The number of regulatory hurdles is excessive, making the process of starting a business prohibitively tiresome. Take the case of competency certifications requirements, whose importance and effectiveness are highly questionable. Though this has improved lately, a simple act of registering trade names is so complicated that businesses had to wait for weeks to get their names registered. Such requirements are often used as an excuse for more corrupt practices rather than as a means of protecting the public interest.
Many businesses also complain about lack of transparency and accountability in the regulatory regime. Members of the private sector complain that they have no say in how their companies are regulated as effective consultations between the government and private sector actors are non-existent. In the absence of such discussions, regulations enacted tend to deviate from practice on the ground and run into serious implementation challenges. Given the capacity constraints and lack of coordination in the bureaucracy, businesses often deal with contradictory requirements from different government agencies.
Listening to the Prime Minister’s speech I choose to believe that change is in the making. In his message to the youth, the Premier has pledged not only to create jobs but also furnish opportunities to help youth entrepreneurs.
Says Abiy: “The mindsets and the elaborate and discriminatory bureaucratic hurdles which stand as obstacles will be removed.”
He also promised that his party would learn from past mistakes and make-up to our country. These remarks give me hope that there is an opportunity to look at the role of the private sector in Ethiopia’s developmental state anew; improve on the precarious nature of the state-business relationship; and, create an enabling environment for the private sector to play an active and meaningful role in the economy.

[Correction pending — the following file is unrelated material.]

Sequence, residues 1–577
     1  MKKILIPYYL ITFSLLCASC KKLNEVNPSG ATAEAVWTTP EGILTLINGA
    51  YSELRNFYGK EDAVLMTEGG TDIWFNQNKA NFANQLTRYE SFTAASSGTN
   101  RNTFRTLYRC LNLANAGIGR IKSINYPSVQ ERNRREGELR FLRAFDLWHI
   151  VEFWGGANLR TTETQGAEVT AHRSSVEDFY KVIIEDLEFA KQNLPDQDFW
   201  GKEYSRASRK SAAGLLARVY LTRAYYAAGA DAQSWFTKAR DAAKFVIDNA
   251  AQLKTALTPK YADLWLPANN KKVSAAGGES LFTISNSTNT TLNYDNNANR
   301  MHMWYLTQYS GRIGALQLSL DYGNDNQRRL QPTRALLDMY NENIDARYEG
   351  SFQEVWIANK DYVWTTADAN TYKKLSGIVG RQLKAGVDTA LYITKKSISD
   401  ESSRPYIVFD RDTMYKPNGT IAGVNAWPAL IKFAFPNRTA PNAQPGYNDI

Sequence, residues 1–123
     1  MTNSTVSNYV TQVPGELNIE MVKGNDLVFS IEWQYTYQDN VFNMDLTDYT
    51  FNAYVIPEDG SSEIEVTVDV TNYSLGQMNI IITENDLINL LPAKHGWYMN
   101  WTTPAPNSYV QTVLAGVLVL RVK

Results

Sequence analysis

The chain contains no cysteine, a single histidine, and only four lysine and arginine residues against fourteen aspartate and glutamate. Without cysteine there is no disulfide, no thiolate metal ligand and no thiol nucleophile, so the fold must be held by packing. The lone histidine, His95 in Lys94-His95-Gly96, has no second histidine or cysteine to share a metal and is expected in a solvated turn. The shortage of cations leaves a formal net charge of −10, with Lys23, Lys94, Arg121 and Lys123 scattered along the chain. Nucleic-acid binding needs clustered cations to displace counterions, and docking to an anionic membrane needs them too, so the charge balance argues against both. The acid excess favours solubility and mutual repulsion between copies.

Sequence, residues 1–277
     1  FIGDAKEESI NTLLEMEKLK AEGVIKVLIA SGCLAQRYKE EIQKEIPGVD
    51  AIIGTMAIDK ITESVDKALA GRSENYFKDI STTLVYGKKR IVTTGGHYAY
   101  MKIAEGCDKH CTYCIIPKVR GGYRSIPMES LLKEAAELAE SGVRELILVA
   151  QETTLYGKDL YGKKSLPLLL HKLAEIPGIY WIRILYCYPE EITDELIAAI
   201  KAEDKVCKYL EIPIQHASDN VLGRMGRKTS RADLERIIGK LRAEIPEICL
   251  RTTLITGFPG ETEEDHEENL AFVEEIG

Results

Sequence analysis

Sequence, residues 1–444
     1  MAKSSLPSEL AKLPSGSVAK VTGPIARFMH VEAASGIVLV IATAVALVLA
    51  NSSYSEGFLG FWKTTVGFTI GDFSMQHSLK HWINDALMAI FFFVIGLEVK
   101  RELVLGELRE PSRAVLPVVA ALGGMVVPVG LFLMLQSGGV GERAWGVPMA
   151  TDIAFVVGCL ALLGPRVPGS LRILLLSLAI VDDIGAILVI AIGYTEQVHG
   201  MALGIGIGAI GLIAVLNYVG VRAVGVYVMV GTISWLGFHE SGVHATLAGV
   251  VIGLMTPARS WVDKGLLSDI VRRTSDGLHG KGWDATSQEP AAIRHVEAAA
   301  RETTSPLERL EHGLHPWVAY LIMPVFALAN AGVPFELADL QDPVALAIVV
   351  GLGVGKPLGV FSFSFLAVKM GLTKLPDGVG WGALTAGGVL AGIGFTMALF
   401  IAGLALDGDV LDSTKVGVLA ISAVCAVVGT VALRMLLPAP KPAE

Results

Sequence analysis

If Abiy is to live up to his promise of making up for the country by addressing past mistakes, however, I do not believe implementing slow and incremental reforms are the way. There is a need to revisit the entire regulatory regime with a changed mindset of facilitation as opposed to policing, and by introducing smart regulation that serves the regulatory purposes without stifling innovation, creativity, and entrepreneurship.
The myopic view of the private sector has been costly to the nation, measured both in lost opportunity and the viablity of the national development project. As impressive as the economic growth achieved over the last decade is, it failed to bring a meaningful transformation in the structure of the economy as evidenced in the stagnant growth in the share of the manufacturing sector to the total GDP. Successful experience of the East Asian developmental states shows that as interventionist as they were, unlike Ethiopia, they paid serious attention to the domestic private sector growth.
For instance, provision of credit to the private sector was much higher in Korea compared to Ethiopia. Private sector credit to GDP averaged around 30pc in Korea in the 1970s compared to about 20pc here. Ethiopia’s income level would have been much higher had it managed to provide more credit to the private sector, as a 2015 World Bank study finds.